The lost summer: catching Covid is the final straw
This should have been the summer of the new normal, when we finally put the pandemic behind us, got on with life and had some fun (ah yes, fun, I remember that…I had some once!) Only it hasn’t worked out like that. Describing the last few weeks as “the lost summer” may sound melodramatic, but although there have been a few highlights – the Burning Man sculpture trail, for example, and our visit to Pensthorpe Natural Park – overall I’m left with a nagging sense of regret for what might have been.
Wardrobe woes last for weeks
The project to replace our bulky freestanding wardrobe and sundry other old, tired pieces of furniture with a suite of new fitted units in a splendidly redecorated bedroom should have taken just five or six days. In the event it ended up taking five weeks. Five miserable weeks during which we camped out in the spare bedroom with our clothes and various other possessions scattered chaotically throughout the rest of the house! Five tedious weeks when we waited at home expectantly, day after day, hoping something would happen, only to find nothing ever did.
Don’t get me wrong. Now that the job is complete we’re pleased with our new bedroom. It looks great, and we’re pleased we had it done. But although the destination has proved agreeable, the journey was an unmitigated nightmare. Never again!
Hot! Hot! Hot! Temperature records tumble
Once the bedroom project was done we were determined to get out and about, to escape into the local countryside and relax a bit. But it didn’t turn out that way, courtesy of climate change. There are those who claim climate change is fake news, the invention of mad scientists or duplicitous politicians. Now, some scientists may be mad and many politicians are clearly duplicitous, but here’s the thing guys: climate change is real, as we were reminded to our cost a few weeks ago.
Pretty much immediately after the bedroom was finally fixed, climate change flexed its muscles and the UK was hit by an unprecedented heatwave. Records tumbled like the walls of Jericho, and we spent our days indoors, hiding from the sun and emerging only late in the evening to water the tomatoes and the beans. Mrs P and I are not built for hot weather, and having fun was out of the question. Our ambitions extended no further than desperately trying to stay cool.
What a waste, but on the other hand what was the alternative?
The final straw – Covid catches up with us at last!
All things must pass, and so it was that eventually the torrid temperatures gave way to something less unbearable. At last, an opportunity to escape the house! Just a few days after the heatwave broke, Mrs P spent a morning at a craft workshop, indulging in a hobby that has been an important part of her retirement. Unfortunately, one of her fellow crafters must have been suffering from Covid, and a couple of days later so was Mrs P. And just 48 hours after, I was showing all the symptoms too!
Ever since the pandemic started we’d been cautious, behaved responsibly and avoided unnecessary risks. Mr and Mrs Platypus are also known as Mr and Mrs Sensible. Boring we may be, but the aim was always to stay healthy and enjoy the benefits that good health brings.
Of course it could have been worse, much worse. We have lived to tell the tale, after all. And, thankfully, we’ve now tested clear and are feeling quite a lot better. Although we’re not yet firing on all cylinders, there’s no indication so far that “long Covid” has got its claws into us. But it was bad enough while it lasted, which was nearly two weeks. Two weeks of wearying, aching, cough-crazy self-isolation, confined to Platypus Towers when we should have been out enjoying ourselves.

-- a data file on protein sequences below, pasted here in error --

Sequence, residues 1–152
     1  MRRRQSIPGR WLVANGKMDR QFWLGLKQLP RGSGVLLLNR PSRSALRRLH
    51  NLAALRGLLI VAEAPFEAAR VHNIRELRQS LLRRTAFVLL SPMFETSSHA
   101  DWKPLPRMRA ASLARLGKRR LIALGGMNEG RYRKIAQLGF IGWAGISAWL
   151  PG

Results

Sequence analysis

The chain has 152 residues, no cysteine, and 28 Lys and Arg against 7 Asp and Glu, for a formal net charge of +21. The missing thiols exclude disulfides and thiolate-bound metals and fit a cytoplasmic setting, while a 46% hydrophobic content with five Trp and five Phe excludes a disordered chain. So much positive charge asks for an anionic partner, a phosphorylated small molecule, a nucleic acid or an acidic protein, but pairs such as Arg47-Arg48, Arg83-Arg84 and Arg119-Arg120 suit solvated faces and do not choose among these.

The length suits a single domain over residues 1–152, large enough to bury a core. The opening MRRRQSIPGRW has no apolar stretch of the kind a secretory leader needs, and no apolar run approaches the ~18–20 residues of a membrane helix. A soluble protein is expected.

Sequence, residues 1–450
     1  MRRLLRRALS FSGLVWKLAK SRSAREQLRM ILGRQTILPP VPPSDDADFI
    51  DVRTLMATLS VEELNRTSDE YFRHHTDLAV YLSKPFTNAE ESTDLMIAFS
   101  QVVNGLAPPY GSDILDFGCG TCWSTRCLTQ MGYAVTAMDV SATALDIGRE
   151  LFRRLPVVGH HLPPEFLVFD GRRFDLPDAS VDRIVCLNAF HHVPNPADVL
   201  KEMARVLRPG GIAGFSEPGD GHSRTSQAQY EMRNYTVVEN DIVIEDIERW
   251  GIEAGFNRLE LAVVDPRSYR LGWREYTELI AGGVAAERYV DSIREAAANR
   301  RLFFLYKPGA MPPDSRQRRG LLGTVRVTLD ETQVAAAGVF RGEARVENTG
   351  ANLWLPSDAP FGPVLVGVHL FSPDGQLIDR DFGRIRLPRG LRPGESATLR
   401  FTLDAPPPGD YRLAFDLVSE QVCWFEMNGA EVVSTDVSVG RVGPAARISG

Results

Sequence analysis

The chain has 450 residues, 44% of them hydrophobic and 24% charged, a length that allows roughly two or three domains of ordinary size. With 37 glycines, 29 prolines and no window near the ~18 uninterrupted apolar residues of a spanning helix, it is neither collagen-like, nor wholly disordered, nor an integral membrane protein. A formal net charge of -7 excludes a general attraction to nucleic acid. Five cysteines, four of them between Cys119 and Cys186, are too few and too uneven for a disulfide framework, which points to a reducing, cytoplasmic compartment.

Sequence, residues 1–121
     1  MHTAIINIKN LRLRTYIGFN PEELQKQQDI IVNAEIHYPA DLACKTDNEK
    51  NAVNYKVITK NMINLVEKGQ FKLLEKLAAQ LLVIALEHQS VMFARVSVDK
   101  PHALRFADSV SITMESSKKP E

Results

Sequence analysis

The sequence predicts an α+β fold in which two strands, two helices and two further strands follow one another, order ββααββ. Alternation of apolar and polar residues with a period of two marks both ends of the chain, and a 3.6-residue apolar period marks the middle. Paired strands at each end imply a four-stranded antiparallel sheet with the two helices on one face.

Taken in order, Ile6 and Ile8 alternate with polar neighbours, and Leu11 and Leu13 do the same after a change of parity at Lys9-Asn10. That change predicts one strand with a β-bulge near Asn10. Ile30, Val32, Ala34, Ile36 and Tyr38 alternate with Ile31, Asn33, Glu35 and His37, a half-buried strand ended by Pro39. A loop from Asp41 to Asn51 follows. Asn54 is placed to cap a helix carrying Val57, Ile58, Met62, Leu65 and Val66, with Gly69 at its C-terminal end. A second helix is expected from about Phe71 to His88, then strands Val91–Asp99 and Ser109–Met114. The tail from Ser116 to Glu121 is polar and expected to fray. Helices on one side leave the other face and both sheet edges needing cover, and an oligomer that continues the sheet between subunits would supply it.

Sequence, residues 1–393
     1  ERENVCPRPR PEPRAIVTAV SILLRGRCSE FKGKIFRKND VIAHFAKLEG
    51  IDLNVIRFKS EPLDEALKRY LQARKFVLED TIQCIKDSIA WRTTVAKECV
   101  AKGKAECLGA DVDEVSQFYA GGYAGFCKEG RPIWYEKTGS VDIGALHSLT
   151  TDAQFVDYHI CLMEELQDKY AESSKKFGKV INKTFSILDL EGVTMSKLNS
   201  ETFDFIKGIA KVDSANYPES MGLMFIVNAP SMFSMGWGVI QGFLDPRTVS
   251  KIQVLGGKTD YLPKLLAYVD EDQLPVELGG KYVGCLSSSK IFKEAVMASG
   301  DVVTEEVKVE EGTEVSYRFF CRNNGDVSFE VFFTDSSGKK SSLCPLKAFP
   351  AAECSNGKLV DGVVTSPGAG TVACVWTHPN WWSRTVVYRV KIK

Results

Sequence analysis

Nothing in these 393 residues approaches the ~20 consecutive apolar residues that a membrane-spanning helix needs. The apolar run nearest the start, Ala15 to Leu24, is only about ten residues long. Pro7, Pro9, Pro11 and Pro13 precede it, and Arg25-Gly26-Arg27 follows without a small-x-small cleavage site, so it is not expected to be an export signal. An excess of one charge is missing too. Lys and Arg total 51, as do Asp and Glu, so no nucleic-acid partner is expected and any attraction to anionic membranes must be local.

Worst of all, probably, was the impact on our sense of taste and smell. It wasn’t that we were unable to taste anything at all, but rather that everything tasted wrong and a lot of it tasted horrible. Mrs P and I both enjoy cooking, and during our two weeks with Covid we had plenty of time to devote to culinary endeavours. But what would have been the point, given that everything we prepared tasted like an unfortunate accident in a badly-run food warehouse?
Realistically, I suppose it was inevitable Covid would catch up with us in the end. That, after all, is the nature of a pandemic – the disease is everywhere and one day your luck runs out, however careful you may be. And I suppose we should be grateful: in the two years since Covid first hit the variants of the virus have become less serious, and the vaccinations we have had may also have helped reduce the severity of our symptoms.
The good news is that, finally, Covid is behind us. We’re doing our best to make up for lost time, but the last few months still feel like the lost summer.
* * * * *
Postscript, 10 August: I drafted this post a few days ago in a spirit of hope and expectation, immediately after we tested clear of Covid. Since then, however, a second horrible heatwave has descended upon this sizzling nation, and once again we are stuck indoors, hiding from the sun.
And we both continue, in our different ways, to feel below par, not seriously sick but definitely a trifle unwell. Maybe it’s the heat, or maybe it’s the after-effects of Covid. Or a combination of the two? Who knows? But whatever the cause, I’d like to put on record here that I’ve had enough. Roll on, winter!
Update, 16 August: Well, at least the heatwave is beginning to lose its venom, but an official drought has been declared in this – and many other – parts of the country. Our rivers and reservoirs are running dry, and the measly amount of rain that’s fallen in the past 24 hours won’t even begin to sort out the problem. This is a summer I’d dearly like to forget, but sadly I don’t think that will happen any time soon. Woe is me!